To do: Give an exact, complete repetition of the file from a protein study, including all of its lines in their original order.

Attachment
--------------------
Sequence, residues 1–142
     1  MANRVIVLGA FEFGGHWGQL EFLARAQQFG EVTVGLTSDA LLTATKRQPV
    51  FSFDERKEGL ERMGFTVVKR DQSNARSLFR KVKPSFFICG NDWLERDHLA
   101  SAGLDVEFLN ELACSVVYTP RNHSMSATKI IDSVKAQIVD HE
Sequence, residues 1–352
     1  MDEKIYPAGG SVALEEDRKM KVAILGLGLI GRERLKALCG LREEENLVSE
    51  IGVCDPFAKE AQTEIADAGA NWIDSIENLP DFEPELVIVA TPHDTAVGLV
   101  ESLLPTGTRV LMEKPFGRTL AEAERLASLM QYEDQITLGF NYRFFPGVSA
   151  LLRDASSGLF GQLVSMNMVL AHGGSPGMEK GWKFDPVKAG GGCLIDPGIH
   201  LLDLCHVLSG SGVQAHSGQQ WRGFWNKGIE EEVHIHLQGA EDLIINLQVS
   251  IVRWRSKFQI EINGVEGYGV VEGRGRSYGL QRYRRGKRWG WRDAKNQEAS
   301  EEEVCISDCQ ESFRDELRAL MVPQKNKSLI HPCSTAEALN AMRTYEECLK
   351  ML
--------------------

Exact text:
Sequence, residues 1–142
     1  MANRVIVLGA FEFGGHWGQL EFLARAQQFG EVTVGLTSDA LLTATKRQPV
    51  FSFDERKEGL ERMGFTVVKR DQSNARSLFR KVKPSFFICG NDWLERDHLA
   101  SAGLDVEFLN ELACSVVYTP RNHSMSATKI IDSVKAQIVD HE
Sequence, residues 1–352
     1  MDEKIYPAGG SVALEEDRKM KVAILGLGLI GRERLKALCG LREEENLVSE
    51  IGVCDPFAKE AQTEIADAGA NWIDSIENLP DFEPELVIVA TPHDTAVGLV
   101  ESLLPTGTRV LMEKPFGRTL AEAERLASLM QYEDQITLGF NYRFFPGVSA
   151  LLRDASSGLF GQLVSMNMVL AHGGSPGMEK GWKFDPVKAG GGCLIDPGIH
   201  LLDLCHVLSG SGVQAHSGQQ WRGFWNKGIE EEVHIHLQGA EDLIINLQVS
   251  IVRWRSKFQI EINGVEGYGV VEGRGRSYGL QRYRRGKRWG WRDAKNQEAS
   301  EEEVCISDCQ ESFRDELRAL MVPQKNKSLI HPCSTAEALN AMRTYEECLK
   351  ML